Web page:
One Winter Up North
By John Owens
University of Minnesota Press
One Winter Up North is a wordless picture book about a family of three as they embark on a winter camping trip into the BWCA. John Owens’ lively illustrations tell the story about how they snowshoe into the forest, set up their cozy tent next to a snowy lake, learn about animal tracks, and listen to wolves as they howl on a starry night. It’s a charming story about embracing the special beauty of winter up north.
MIDDLE GRADE AND YOUNG ADULT
By Erin Soderberg Downing
In this captivating story, twelve-year-old Maia’s house burns down one night, severely injuring her younger sister. What’s even worse is that Maia thinks that she was responsible. Sent by her parents to spend the summer in northern Minnesota with her grandparents, she learns to overcome her nightmares, fears, and guilt when she must rise to an even greater challenge. Controlled Burn underscores the importance of family and friends in dealing with the effects of trauma.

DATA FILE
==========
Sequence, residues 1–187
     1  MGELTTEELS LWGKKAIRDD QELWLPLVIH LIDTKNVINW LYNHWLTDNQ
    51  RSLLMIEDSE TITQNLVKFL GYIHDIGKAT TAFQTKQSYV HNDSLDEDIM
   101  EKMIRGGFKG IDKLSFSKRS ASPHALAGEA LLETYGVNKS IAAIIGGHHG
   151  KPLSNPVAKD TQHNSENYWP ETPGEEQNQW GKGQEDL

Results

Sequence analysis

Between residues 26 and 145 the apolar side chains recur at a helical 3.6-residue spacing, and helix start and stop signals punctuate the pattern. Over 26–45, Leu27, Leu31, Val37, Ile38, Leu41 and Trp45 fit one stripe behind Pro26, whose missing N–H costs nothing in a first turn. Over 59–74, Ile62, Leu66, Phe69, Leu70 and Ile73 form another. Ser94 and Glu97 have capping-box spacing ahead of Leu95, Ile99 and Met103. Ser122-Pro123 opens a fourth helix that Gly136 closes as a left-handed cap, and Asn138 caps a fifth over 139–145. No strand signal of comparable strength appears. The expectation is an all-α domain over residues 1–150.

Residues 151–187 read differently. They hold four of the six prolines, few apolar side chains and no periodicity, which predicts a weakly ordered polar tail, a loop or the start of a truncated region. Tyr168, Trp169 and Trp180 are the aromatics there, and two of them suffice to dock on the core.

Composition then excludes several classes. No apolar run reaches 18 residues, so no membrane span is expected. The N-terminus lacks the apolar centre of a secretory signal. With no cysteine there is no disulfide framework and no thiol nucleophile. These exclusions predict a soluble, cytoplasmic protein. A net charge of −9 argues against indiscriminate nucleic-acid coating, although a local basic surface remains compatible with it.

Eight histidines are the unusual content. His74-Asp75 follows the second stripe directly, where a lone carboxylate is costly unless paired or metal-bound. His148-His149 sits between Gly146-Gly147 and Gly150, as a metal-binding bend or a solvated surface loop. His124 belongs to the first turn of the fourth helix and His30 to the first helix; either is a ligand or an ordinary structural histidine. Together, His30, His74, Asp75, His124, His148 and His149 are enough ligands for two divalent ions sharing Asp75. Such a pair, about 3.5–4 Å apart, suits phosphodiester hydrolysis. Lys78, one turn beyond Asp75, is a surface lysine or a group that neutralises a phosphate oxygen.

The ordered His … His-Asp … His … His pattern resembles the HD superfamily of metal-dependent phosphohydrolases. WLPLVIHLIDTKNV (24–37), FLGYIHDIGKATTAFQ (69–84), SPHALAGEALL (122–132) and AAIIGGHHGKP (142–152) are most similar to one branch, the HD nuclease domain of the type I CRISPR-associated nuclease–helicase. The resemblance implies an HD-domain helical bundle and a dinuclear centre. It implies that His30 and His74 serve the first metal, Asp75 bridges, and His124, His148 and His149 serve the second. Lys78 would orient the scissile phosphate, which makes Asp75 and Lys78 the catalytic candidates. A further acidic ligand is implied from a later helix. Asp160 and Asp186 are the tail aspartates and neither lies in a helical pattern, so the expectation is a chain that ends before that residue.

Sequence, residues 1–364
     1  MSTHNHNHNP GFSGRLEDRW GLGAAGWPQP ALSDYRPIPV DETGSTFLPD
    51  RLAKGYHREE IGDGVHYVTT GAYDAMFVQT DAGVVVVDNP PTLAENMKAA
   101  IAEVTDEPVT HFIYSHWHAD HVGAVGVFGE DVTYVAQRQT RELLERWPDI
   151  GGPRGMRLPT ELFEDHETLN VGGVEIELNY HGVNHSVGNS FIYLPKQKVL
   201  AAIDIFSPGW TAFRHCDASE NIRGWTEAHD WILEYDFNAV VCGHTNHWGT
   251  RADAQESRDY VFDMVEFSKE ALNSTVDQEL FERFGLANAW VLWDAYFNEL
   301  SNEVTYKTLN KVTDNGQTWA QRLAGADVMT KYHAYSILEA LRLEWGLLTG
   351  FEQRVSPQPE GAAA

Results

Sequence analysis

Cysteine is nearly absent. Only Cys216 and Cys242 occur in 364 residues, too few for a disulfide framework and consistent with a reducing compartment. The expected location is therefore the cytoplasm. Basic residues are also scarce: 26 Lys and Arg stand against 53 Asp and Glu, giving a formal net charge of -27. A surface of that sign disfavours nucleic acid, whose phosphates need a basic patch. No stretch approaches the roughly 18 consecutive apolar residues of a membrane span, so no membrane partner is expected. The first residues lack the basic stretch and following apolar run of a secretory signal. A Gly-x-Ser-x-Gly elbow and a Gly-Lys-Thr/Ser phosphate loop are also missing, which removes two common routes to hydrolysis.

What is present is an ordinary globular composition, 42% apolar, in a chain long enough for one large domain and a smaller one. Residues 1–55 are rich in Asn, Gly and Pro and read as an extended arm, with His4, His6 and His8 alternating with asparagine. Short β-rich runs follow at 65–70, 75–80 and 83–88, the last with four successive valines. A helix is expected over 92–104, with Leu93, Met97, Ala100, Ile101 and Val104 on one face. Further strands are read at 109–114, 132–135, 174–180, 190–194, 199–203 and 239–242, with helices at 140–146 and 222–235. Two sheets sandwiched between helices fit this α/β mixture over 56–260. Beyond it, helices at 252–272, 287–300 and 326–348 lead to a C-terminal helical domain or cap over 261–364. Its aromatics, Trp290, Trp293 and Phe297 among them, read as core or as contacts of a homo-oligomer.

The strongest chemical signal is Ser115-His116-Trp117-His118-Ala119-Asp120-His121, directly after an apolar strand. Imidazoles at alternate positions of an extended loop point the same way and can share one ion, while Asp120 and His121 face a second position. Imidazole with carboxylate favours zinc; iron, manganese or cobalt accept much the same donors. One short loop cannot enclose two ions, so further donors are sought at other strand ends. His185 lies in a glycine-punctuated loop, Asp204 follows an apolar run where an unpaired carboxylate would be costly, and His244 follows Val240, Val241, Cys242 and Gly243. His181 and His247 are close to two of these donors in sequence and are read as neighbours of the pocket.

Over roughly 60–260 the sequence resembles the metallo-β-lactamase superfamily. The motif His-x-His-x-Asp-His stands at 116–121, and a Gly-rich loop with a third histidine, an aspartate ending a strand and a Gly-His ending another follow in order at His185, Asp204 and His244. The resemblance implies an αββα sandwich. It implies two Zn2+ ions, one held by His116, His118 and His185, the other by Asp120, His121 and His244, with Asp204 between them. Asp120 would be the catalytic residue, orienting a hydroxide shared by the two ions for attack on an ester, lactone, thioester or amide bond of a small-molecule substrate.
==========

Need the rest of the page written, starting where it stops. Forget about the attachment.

By Staci Lola Drouillard
University of Minnesota Press
Seven Aunts is a heartwarming story about the successes and struggles of the author’s seven aunts, a moving journey that shows how they collectively cared for and supported one another through good times as well as periods of inequity and hardship. The memoir explores the family’s indigenous and Northern European heritage, and demonstrates how each aunt’s unconditional love has been beautifully woven into the family tapestry.
Morlocks In The Basement
By Carolyn Colburn
Running Wild Press
Morlocks in the Basement is an intense and irreverent account of the author’s experience raising a troubled child in a troubled world. With dark humor, Colburn tells connected stories about her own growing up and the years before and after she and her husband adopted their niece’s child. As their daughter reaches her teens, chaos ensues, leading to late-night calls from the police. Colburn’s raw and honest voice, seasoned with self-deprecating humor, make her memoir a searing and moving read.